Believe it or not, the product you see here is not the offspring of Glaceau, not even a distant hair-loving cousin. The company that brought us the ever-popular Vitamin Water is the victim of a royal rip-off. Named Vitamin Shampoo, this new line of shampoos and conditioners is marketed as "an energy drink for your hair." If it's not a brand extension of Vitamin Water and it has no business equating itself with energy drinks, how can Vitamin Shampoo get away with such flagrant fraud?

Well, thanks to copyright law, it won't. The manufacturer of Vitamin Shampoo is Vogue International, which also makes the salon-inspired haircare products FX Special Effects, ProVitamin Intensives, Organix, and iWater. Vitamin Shampoo is the company's latest attempt to jump on the bandwagon of healthy, natural living. Seeking a shortcut to reach its target audience, Vogue tried to ride on the coattails of Glaceau's established following.

This fall, after some ads in select women's magazines displayed the shampoo bottles in direct imitation of the drinks, Glaceau secured a temporary restraining order against Vogue International. According to Managing Intellectual Property, Glaceau's lawyers filed a complaint accusing Vogue of a number of counts of copyright infringement. The judge ruled that Vogue's intention is clearly to confuse the customer into thinking that the product belongs to Glaceau's brand name. Even if shampoo and energy drinks are different classes of goods, the blurring of the brand names is unmistakable.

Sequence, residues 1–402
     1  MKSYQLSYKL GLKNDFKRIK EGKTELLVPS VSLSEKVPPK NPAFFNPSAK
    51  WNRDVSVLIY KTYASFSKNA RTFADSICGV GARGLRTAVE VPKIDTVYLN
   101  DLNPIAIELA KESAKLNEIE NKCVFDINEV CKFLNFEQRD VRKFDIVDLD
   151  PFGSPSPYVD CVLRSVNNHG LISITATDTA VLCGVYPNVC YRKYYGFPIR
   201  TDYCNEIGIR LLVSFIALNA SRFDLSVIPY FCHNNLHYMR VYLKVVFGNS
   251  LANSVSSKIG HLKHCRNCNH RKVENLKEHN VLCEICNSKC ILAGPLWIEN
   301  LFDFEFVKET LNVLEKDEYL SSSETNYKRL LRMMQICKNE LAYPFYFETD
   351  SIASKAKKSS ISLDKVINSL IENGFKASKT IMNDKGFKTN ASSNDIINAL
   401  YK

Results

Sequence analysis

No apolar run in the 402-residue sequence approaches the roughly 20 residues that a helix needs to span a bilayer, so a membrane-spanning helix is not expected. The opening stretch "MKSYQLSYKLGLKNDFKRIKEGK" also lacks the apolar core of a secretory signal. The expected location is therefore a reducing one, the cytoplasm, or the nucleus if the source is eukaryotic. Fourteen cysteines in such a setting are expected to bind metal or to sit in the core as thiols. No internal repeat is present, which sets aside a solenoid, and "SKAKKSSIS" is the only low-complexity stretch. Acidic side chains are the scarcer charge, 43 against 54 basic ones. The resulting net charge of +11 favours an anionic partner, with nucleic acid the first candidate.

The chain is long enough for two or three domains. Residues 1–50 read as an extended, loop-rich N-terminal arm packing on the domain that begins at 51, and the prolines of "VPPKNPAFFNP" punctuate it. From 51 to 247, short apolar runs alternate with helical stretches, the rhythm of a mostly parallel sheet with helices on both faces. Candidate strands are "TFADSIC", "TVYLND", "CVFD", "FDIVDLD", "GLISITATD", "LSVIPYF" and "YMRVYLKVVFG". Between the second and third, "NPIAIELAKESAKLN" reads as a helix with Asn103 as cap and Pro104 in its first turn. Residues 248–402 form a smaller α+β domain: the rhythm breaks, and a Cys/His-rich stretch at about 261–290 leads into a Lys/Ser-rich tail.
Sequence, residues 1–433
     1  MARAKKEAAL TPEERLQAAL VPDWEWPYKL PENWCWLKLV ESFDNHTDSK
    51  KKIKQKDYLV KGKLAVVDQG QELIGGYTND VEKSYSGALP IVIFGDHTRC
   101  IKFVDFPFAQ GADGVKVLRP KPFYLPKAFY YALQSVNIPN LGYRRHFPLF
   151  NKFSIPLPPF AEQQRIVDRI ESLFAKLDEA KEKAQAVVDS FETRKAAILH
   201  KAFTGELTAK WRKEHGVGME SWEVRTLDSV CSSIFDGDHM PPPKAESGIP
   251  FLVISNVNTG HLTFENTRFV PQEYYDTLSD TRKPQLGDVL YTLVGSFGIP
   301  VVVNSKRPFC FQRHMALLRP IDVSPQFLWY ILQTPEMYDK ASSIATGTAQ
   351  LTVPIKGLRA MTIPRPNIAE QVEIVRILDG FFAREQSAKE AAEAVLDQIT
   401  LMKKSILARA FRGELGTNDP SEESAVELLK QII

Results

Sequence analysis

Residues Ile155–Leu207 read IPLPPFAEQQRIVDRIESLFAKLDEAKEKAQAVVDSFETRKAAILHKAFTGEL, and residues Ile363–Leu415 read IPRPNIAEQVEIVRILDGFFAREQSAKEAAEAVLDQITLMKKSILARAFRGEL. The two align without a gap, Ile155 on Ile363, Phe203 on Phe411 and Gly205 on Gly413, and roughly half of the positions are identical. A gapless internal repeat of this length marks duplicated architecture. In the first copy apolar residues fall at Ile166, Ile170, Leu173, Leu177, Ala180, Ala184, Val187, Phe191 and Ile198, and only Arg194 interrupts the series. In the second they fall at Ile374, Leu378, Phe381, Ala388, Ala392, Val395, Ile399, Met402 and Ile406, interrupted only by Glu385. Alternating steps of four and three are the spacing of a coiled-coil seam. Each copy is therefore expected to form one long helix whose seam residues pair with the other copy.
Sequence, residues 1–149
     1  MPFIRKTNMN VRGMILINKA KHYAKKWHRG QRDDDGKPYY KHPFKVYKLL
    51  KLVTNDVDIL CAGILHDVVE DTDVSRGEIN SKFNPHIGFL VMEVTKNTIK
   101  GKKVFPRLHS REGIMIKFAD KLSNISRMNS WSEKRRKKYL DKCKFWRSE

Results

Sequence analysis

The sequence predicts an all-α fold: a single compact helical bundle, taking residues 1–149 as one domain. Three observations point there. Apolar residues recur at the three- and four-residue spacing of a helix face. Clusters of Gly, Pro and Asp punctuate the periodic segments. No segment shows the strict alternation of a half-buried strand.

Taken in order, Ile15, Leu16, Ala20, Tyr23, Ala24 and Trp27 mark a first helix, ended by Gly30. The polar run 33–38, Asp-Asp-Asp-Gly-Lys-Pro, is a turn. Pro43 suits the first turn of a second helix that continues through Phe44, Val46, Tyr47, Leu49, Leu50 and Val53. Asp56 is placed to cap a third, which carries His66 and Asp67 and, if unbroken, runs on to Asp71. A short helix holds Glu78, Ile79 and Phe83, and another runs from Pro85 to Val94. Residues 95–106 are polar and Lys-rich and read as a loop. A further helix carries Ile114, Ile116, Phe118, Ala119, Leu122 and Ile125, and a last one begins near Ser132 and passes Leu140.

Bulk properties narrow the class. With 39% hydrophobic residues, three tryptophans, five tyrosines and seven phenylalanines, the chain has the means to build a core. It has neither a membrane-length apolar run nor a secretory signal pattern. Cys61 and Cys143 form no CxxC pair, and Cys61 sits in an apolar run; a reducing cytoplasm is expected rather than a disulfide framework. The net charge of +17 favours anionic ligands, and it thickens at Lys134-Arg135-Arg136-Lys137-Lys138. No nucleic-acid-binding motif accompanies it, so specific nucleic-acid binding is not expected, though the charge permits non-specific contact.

Amid heated negotiations, Vogue International's first step has been to tweak the typography on the packaging so that the label is no longer nearly identical to the one on the beverage. Although the new design is a definite step in a different direction, it is not the end of the legal battle. And it certainly isn't winning the new haircare line any positive press, since duped consumers have been speaking out about what they perceive as a mass-market con.

If only Vitamin Shampoo products were worth fighting for, Vogue might be justified in going through all this brouhaha. Instead, its formula is far from natural and laden with inferior ingredients. Vitamin Shampoo's most prevalent component after water (disodium laureth sulfosuccinate) is a mild irritant, according to studies on both humans and animals, and the third ingredient (cocamidopropyl betaine), a semi-synthetic surfactant, is a potential allergen. The rest of the formula consists of a conditioning chemical (guar hydroxypropyltrimonium chloride), a formaldehyde-releasing preservative (DMDM hydantoin), and a foaming agent (cocamide DEA) that can lead to the formation of carcinogenic nitrosamines.

So, where are those vitamins touted in the title? They represent the formula's final ingredients, and thus its smallest portion. No amount of noni or lemongrass extract can compensate for the baddies that make up the bulk of Vitamin Shampoo. You might as well cleanse your hair with one of Glaceau's bottled beverages.

Ingredients in Noni Berry Vitamin Shampoo:

Aqua (Water), Disodium Laureth Sulfosuccinate, Cocamidopropyl Betaine, Dimethicone Copolyol, Cocamide DEA, Glycol Distearate, Parfume, Panthenol, Cetyl Alcohol, Polyquaternium-11, Guar Hydroxypropyltrimonium Chloride, Coconut Oil, DMDM Hydantoin, Coconut Milk, Silk Amino Acids, Egg White Proteins, Tocopheryl Acetate (Vitamin E), Noni Extract, Lemongrass Extract, Vitamin A, Vitamin C